Small is the new big

Leading Like Jesus
We must remember that Jesus is the head of His church—and we must treat Him as such. As A.W. Tozer asked, “Is Jesus Lord, or merely a beloved symbol?” Does He have the title but no power? Is He the true head (see Col. 1:15-20)?

The answer to these questions has shaped and transformed most of those who are part of the simple/organic church movement, particularly when it comes to leadership. In Matthew 20:25-28, Jesus essentially says: “You know how leaders in the world rule and exercise authority.” We do—it’s hierarchical. “Not so with you,” He continues. “Whoever wants to be first must be a servant and slave.”

In God’s kingdom, servants are leaders. God trusts leaders who have died to their own ambitions and desire for limelight, and who are looking to lay down their lives—no empire building, no control and no glory. Leadership is functional, not positional. And within the context of the church, a leader equips others for the work of ministry (see Eph. 4:12).

Keep It Simple!
Complex things tend to break down; simple things are easily reproducible. Within the house church movement, simplicity applies to everything. If we want to see multiplication, we need to model patterns that ordinary people can duplicate. The Bible is our textbook—our authoritative guide for faith and practice.

This especially applies to meetings. By basing our times together on Acts 2:42, which stresses getting into the Word, fellowship, food and prayer, we enable every member to participate. First Corinthians 14:26 says when you come together, everyone has a contribution to make. Everyone is important—including children—in this practical outworking of the priesthood of all believers.

For example, our church recently gathered around a “build-a-salad” meal. Many shared what God had done in their lives that week. We broke into even smaller groups to study the Bible so everyone could participate and pray for each other. A young man who was with us for the first time was profoundly moved and surrendered his heart to the Lord. We ended the evening by baptizing him in our hot tub.

Mission Is Crucial
God has chosen us as His ambassadors in this world that desperately needs Him. Jesus told us to make disciples; churches are the natural result. Many people won’t darken the doors of our church buildings, but they’ll talk about Jesus if we go to them. Some describe this as liquid church. Just as spilled water flows everywhere, when we go out rather than inviting people in, we can reach into every crack and crevice of society.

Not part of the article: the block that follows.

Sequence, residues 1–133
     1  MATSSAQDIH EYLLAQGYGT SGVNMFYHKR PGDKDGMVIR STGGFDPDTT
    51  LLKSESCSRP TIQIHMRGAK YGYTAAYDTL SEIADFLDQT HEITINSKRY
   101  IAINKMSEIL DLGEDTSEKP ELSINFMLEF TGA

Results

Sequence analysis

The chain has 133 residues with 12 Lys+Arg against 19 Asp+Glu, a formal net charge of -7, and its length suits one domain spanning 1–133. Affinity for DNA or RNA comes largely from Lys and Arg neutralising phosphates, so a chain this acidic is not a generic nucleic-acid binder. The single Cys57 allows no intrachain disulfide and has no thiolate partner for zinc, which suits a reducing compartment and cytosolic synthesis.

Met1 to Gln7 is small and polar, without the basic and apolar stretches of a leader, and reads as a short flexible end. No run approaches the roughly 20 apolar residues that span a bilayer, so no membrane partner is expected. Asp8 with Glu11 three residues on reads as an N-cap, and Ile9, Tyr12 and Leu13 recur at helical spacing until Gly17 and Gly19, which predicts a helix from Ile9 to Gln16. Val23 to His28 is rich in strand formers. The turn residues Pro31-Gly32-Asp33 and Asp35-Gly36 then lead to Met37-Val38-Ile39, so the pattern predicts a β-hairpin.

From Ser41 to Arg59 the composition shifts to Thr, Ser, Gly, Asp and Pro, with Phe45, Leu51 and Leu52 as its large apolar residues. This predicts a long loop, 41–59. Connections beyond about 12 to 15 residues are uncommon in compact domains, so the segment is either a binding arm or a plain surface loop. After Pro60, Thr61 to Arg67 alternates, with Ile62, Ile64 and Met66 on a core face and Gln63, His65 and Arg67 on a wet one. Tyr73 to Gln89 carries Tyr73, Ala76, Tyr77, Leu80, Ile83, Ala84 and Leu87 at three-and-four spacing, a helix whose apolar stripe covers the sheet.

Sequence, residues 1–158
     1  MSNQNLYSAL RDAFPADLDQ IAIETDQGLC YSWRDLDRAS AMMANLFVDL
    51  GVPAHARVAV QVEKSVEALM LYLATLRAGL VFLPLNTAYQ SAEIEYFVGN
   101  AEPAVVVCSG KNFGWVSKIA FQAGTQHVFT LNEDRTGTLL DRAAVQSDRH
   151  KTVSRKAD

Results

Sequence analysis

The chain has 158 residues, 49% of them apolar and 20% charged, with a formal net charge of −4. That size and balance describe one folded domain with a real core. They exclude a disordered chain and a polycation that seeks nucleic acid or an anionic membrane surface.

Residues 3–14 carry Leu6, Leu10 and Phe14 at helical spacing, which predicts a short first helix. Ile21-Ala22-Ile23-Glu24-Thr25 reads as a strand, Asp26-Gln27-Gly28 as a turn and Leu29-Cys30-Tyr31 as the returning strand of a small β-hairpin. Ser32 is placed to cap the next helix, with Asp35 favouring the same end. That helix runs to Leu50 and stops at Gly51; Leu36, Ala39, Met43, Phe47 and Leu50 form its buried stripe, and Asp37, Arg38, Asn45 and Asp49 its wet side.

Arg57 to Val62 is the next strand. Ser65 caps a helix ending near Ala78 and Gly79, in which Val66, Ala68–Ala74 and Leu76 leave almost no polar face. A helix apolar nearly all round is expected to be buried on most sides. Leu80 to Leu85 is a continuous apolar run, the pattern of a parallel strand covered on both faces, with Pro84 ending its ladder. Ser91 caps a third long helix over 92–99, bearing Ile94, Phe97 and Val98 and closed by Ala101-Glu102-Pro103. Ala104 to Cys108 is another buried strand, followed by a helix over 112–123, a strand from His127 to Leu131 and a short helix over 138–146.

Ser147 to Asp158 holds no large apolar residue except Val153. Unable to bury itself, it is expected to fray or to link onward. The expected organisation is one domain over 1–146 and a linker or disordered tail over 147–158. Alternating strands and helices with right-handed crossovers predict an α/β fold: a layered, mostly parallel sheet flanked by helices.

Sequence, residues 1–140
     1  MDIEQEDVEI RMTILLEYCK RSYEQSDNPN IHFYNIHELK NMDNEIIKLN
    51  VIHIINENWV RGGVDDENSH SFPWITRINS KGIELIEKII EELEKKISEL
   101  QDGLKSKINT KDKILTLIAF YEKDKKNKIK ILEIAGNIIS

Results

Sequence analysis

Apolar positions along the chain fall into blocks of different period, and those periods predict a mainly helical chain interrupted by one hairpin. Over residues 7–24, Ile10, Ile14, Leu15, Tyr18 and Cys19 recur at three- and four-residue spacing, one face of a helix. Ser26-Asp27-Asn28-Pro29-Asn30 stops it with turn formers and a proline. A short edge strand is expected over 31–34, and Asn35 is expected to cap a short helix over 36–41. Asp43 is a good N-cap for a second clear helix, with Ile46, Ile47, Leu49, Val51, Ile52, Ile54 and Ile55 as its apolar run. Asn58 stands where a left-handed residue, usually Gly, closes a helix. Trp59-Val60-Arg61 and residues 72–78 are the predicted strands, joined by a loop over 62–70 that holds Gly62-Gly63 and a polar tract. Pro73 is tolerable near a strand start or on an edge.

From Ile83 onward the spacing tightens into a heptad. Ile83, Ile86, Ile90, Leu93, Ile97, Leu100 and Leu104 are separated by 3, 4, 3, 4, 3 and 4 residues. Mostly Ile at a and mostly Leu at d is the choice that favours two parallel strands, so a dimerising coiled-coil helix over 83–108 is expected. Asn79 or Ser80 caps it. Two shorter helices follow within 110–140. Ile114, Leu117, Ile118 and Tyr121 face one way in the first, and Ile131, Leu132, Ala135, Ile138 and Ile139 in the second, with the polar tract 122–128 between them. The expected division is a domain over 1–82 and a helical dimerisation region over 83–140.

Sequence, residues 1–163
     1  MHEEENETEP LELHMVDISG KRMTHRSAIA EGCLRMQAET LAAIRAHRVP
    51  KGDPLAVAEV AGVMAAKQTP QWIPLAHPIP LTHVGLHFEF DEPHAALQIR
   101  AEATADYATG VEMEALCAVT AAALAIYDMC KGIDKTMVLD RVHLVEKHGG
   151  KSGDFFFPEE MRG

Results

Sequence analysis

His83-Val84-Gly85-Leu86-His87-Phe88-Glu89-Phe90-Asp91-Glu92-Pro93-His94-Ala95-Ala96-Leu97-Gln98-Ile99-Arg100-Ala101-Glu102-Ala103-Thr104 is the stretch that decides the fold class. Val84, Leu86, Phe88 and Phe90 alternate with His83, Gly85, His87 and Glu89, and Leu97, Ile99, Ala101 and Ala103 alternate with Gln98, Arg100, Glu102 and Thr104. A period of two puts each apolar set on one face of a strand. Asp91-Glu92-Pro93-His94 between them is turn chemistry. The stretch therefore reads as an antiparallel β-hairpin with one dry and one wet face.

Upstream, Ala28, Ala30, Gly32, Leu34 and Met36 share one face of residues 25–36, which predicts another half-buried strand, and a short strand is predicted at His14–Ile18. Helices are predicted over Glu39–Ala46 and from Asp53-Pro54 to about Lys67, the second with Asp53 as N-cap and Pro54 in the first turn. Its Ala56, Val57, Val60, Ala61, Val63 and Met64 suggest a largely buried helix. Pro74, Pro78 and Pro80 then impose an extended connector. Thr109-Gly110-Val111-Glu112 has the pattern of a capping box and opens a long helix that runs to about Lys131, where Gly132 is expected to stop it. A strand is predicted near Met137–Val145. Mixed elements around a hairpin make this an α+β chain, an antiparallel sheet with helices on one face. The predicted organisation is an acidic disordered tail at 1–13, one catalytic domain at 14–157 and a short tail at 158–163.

For example, a long-standing men’s prayer meeting decided to meet in a coffeehouse rather than their home. The very first week another customer noticed them and asked for prayer, and they introduced him to Jesus. In the next few years, as more customers became believers, up to 50 gathered there. For them, that was church.

In Luke 10, Jesus commanded the 70 to pray and to go. He told them how to recognize the person He had prepared. An encounter with a God who meets people at their point of need gave the disciples the opportunity to talk about the kingdom.

These principles are being used to start simple/organic churches here in the U.S. as well. If someone becomes a believer and we bring him into our church, we soon Christianize him. Yet we’ve only won one person. It’s more effective to meet with him and his friends and family and to watch a church emerge in the harvest.

What About ...

Believers unfamiliar with house churches typically ask about the logistical side of things, such as:

What about finances? With no overhead, house churches have little need of resources, and most give away around 90 percent of their finances. For example, the Association of Home Churches in Killeen, Texas, has been able to give away more than $1.5 million to missions and the poor since its inception in 1992.

What about kids? Children are as much a part of the body of Christ as adults, and they love to be included. They can suggest worship songs; the older ones can read Scriptures; they can lay hands on people and pray for them. Remember, they don’t have a junior Holy Spirit.

But they are kids, and there are times when other activities need to be arranged for them. Jesus knows their needs and will guide you on what to do.

What about heresy? History shows that heresy usually starts at the top where strong leaders have influence over many. Revival is usually a grass-roots phenomenon. The danger is minimized in simple church because everyone accepts Scripture as their authority. Though each house church is structurally autonomous, a strong relational connection with other churches in the region helps prevent problems.

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